When a cantina shootout takes place right next to her, Karyl doesn't bat an eye. At one point the betrayed Jim hauls off and slaps her, but she essentially shrugs and moves on, not holding it against him. This doesn't make her a weak doormat; rather, her experiences have clearly given her a certain resilience and the ability to deal with difficult people. Reed is terrific in a carefully developed performance.

One of my favorite scenes is when Jim and Karyl turn in the body of Deputy Welker (Parton) to Sheriff Marson (Edward Platt of GET SMART). The suspicious sheriff has them come into his office and tells Jim to remove his gun. Jim refuses, and over the course of the conversation the sheriff gradually adjusts his behavior and expectations as he sizes Jim up, ultimately providing him with some needed information. It's a very well-written scene which also demonstrates the extra level of interest a couple of strong actors can bring to what could have been a humdrum sequence to provide Jim with the next clue in his search.

There are also some very well-done action sequences, with particular kudos for Jim's horse-to-stagecoach transfer while being chased by Indians.

McIntire played a wide variety of roles in Universal films of the '50s, and this is another noteworthy character who adds interest to the final third of the film. Barton MacLane is likewise excellent as a tough old soldier Jim and Karyl meet during an Apache attack, and William Campbell plays a wild-eyed gunfighter who reminded me more than a little of Widmark's well-remembered debut performance as Tommy Udo in KISS OF DEATH (1947).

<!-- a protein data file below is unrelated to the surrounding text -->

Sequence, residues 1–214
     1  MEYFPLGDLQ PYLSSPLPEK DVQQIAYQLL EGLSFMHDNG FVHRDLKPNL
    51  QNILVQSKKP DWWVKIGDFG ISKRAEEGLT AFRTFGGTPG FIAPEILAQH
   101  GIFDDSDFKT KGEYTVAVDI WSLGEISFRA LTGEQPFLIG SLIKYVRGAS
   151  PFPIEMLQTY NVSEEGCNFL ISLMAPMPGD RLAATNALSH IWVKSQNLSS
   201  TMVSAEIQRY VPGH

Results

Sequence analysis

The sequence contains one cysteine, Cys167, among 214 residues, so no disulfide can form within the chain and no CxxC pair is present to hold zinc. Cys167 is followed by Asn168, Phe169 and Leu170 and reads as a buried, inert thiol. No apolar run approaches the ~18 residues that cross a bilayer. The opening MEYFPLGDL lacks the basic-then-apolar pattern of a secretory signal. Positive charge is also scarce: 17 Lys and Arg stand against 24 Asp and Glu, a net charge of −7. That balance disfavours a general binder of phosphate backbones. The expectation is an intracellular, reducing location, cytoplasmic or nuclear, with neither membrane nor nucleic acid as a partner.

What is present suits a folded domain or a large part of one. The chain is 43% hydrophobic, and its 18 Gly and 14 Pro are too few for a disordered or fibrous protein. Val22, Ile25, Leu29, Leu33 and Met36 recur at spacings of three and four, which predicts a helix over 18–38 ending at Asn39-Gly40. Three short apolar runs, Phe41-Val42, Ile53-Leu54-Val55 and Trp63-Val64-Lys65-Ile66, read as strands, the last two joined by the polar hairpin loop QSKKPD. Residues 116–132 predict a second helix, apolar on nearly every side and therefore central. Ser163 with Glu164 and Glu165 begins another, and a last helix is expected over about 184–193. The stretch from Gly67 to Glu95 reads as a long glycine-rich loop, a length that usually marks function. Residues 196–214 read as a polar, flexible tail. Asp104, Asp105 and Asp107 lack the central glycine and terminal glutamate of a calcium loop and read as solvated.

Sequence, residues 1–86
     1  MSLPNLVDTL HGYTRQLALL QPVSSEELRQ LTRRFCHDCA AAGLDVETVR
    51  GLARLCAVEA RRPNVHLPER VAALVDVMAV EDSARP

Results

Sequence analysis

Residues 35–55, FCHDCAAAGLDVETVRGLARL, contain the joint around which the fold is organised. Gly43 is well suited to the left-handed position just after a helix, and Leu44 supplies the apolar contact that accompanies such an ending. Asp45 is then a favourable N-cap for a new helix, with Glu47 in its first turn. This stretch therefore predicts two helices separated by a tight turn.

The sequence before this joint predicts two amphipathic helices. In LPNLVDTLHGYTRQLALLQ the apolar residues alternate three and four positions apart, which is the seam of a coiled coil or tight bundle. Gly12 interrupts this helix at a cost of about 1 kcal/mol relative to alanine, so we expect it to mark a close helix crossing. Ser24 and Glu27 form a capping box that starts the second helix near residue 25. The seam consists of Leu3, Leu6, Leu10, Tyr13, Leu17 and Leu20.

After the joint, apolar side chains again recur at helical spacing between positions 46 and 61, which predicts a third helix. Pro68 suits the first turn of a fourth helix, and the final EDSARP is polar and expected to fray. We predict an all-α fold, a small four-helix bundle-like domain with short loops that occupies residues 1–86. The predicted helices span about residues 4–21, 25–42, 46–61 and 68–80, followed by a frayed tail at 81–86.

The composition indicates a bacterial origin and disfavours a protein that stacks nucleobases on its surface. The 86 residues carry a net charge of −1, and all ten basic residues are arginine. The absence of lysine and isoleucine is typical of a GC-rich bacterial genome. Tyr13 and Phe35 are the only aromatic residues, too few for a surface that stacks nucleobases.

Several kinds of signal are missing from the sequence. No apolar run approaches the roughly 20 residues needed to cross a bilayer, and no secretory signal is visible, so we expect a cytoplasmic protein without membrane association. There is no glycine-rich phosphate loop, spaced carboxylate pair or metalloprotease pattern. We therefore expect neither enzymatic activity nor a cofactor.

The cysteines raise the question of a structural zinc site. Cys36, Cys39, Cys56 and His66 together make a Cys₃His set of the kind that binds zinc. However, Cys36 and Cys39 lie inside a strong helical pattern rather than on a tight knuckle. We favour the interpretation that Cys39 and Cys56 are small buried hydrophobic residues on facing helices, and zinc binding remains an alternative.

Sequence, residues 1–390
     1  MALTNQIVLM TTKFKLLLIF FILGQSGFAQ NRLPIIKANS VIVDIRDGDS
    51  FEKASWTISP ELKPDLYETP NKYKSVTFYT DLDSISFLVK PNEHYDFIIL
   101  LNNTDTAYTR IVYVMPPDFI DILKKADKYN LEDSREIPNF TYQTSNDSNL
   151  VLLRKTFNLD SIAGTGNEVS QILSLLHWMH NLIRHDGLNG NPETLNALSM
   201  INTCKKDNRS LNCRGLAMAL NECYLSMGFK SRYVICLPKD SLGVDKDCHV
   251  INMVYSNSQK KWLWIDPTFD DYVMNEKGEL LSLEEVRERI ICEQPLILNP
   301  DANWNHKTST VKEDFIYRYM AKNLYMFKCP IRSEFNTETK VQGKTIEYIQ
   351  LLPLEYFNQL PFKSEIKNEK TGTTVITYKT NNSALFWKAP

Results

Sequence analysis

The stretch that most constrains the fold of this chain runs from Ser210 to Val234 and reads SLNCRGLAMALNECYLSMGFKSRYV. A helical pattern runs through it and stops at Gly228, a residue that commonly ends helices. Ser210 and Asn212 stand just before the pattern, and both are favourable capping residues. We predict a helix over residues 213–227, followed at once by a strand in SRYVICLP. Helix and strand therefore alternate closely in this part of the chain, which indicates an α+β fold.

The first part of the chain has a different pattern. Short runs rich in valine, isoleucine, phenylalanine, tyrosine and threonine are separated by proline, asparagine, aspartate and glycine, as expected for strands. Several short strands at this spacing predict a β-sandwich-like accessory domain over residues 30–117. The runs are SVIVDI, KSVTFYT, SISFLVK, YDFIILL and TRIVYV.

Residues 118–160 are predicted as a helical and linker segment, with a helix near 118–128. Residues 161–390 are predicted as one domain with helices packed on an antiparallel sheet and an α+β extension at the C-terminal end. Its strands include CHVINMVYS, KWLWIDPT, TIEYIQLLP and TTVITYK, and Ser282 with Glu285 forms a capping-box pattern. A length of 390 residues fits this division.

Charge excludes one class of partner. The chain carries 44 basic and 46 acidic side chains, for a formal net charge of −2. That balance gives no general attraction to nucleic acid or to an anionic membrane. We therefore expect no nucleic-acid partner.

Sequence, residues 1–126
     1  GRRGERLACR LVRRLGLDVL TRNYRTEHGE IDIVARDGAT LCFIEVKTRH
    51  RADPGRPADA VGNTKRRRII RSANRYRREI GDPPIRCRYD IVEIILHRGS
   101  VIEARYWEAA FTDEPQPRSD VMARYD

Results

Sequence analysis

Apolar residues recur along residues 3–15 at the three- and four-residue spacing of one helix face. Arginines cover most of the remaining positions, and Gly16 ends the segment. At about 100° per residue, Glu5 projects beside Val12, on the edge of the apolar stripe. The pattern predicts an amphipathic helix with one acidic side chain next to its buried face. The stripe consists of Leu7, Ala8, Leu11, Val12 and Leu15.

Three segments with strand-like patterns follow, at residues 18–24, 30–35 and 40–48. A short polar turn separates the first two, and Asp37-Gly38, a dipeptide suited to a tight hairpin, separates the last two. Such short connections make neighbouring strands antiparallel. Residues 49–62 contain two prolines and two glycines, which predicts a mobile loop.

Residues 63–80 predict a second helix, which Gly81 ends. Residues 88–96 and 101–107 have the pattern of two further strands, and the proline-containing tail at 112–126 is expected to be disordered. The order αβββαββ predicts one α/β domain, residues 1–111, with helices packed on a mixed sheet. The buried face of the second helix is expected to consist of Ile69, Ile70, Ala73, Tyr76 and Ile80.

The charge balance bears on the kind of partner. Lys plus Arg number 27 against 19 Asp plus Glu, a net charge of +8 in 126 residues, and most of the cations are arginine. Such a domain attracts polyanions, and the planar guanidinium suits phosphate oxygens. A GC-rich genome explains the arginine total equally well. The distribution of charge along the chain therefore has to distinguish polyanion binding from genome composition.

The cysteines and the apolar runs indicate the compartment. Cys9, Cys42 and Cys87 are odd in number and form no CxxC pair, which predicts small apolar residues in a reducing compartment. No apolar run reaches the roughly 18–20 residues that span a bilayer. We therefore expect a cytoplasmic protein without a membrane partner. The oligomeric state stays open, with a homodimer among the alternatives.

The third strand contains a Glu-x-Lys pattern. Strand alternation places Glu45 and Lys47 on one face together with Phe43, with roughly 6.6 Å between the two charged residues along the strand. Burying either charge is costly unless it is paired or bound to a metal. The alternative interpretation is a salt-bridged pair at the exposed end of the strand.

The cast also includes Robert Foulk, Gregg Barton, Jack Lambert, Phil Chambers, and Fred Graham.

Chase's screenplay for this 87-minute film was based on a novel by Frank Gruber.

Director Sturges made a number of Westerns I've enjoyed, including ESCAPE FROM FORT BRAVO (1953). A couple years later he directed Widmark again in THE LAW AND JAKE WADE (1958).

The movie was shot in by Irving Glassberg at numerous Arizona locations, including Old Tucson.

Extras on the Blu-ray include the trailer, a gallery of trailers for five additional films available from Kino Lorber, and a commentary track by Samm Deighan.

Thanks to Kino Lorber for providing a review copy of this Blu-ray.


Blogger Margot Shelby said...

This is an absolute favorite of mine. Love the cast, and Widmark and Reed sizzle. I like that it's not a straightforward Western, but has an interesting mystery subplot.

4:29 PM  
Blogger Jerry Entract said...

Sturges really knew how to get suspense and pacing into his films. I also like that the female lead is there for more than just decoration; her role is meaty and well-developed.
Good western.

11:32 PM  
Blogger Laura said...

Margot, great to hear this is a favorite. Great cast with some good chemistry plus an interesting plot.

Jerry, I've sure liked a number of Sturges' films and this is one. Very true about Reed's part. Seems like it would have been enjoyable for her to play; I hope so!

Hope more people will check this film out thanks to this new release.

Best wishes,

6:22 PM